algorithmic modeling for Rhino

Isosurface generated using Millipede.
Rendered in Brazil for Rhino.

(This is a mesh object but, ideally, you'd want to render this in a native isosurface renderer to achieve a high level of detail).

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Comment by Vicente Soler on November 11, 2015 at 8:25am

I think the automatic linking doesn't like the asterisk. To use the definition you have to at least be able to figure out the correct link by yourself :P

Comment by Vicente Soler on November 11, 2015 at 7:09am

The definition was posted but it doesn't appear in this thread for some reason. Here's the download link:*20E41BvHbIw/


Keep in mind this is very old (I probably wouldn't do it like this now).

Comment by Kenny Vaneetvelde on November 6, 2015 at 3:22am

Is anyone able to recreate this? I am not able to get anywhere near the mandelbulb with the image and code the author provided, sadly enough.

I am getting only a small mesh with about 700 faces which also looks very flat.

I will perhaps make a screenshot tonight

Comment by YellowHpl on December 26, 2014 at 5:51am

holy ...... that's awesome!

Comment by Vicente Soler on February 14, 2013 at 4:06am

Make sure that you have correctly renamed the inputs of the expression component and that there are no extra lines in the panel component (don't hit enter after typing the equation). This are the two most common problems.

The component after "mesh surfaces" is called "weld vertices" and comes with the MeshEdit plugin ( This is the only non standard component (contrary to what I previously said, sorry). You don't really need it for the definition to work, but it will make it run faster.

Comment by Rieketh on February 13, 2013 at 10:16pm

I'm having one other issue. I cannot figure out what the command is that comes after the "mesh surfaces" command towards the end of your definition.

Once again I can't thank you enough for all the help, and I'm sorry to bother you with so many questions...

Comment by Rieketh on February 13, 2013 at 7:59pm

It looks great! Thank you so much for your help  :)

I'm working it out now, I'll let you know if I run into any problems.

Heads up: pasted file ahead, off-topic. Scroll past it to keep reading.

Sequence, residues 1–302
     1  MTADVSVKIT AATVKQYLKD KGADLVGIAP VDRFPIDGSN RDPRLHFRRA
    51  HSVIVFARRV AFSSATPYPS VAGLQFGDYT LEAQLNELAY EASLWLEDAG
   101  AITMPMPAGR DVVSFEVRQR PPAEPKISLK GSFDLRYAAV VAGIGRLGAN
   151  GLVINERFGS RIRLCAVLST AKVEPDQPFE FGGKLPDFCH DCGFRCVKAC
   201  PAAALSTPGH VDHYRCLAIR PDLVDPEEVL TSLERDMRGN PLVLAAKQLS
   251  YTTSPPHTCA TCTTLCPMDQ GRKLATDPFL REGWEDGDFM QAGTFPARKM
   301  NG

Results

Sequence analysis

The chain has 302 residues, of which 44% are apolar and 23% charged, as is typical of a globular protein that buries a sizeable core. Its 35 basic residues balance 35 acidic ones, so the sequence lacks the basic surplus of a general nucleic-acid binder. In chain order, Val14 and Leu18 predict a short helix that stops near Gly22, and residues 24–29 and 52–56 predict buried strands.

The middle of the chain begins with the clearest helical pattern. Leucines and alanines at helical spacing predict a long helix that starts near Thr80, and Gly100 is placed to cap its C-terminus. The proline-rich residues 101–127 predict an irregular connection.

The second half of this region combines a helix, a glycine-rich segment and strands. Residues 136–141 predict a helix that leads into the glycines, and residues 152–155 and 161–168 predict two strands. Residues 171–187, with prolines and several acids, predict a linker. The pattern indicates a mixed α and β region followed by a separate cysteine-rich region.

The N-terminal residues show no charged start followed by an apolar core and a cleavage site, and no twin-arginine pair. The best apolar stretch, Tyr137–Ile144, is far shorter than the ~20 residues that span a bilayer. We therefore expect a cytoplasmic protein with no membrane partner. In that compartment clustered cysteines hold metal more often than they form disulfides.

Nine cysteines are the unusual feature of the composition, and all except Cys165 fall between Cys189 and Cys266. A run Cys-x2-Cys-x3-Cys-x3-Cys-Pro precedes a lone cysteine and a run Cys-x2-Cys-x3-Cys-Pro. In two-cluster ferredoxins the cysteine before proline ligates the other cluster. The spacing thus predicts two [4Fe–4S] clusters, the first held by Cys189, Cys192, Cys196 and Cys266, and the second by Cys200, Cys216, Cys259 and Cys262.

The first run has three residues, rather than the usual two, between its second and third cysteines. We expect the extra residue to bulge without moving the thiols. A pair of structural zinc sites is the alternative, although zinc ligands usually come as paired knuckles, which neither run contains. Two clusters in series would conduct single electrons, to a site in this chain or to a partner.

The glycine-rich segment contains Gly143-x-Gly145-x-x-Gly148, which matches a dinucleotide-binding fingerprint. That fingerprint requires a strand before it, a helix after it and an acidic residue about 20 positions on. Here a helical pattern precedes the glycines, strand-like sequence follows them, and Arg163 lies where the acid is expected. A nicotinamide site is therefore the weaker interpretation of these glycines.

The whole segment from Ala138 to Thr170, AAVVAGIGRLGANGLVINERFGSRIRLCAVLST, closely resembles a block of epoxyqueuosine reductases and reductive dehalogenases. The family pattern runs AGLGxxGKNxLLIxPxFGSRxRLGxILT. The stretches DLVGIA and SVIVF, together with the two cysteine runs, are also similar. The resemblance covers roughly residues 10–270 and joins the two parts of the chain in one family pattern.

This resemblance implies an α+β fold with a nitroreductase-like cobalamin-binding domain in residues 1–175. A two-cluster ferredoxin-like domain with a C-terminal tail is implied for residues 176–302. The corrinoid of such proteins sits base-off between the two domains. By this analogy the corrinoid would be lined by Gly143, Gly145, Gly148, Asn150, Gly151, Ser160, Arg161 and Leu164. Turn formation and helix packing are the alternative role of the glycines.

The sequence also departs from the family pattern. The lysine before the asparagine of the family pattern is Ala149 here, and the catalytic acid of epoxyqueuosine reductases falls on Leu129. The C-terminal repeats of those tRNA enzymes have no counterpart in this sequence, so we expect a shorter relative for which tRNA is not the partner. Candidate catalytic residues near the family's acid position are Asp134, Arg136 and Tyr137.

You are the man Vicente

Comment by Vicente Soler on February 13, 2013 at 7:08pm

Reiketh, here's a simple definition for creating something that that kind of looks like romanesco broccoli. It doesn't rely on scripting or any special components. I sort of eyeballed the shape (I didn't look up how to properly do this) so it's certainly not the best way of doing it. Let me know if its good enough.

The definition does the following: It creates a log spiral, places some cones on it, then subdivides those cones (by replacing each cone by the entire structure) twice.

Comment by Rieketh on February 13, 2013 at 10:45am

Thanks for the input Vicente. For someone that doesn't really know how to use code, is it easy to implement in grasshopper so that I might be able to generate this form? Or am I looking at something that might be over my head?

Comment by Vicente Soler on February 13, 2013 at 9:03am

You can zoom into certain areas that look like the romanesco broccoli (specially at higher powers) but I wouldn't recommend this since you won't be able to easily add parameters to tweak the resulting shape in a predictable way.


Doing a quick search I found this The screenshots don't look too good but maybe increasing the iterations and adding some randomness can end up looking good enough, plus this way you can actually control what you are doing.


I'm busy right now but maybe later I'll try to implement it in GH, or maybe someone else can try.


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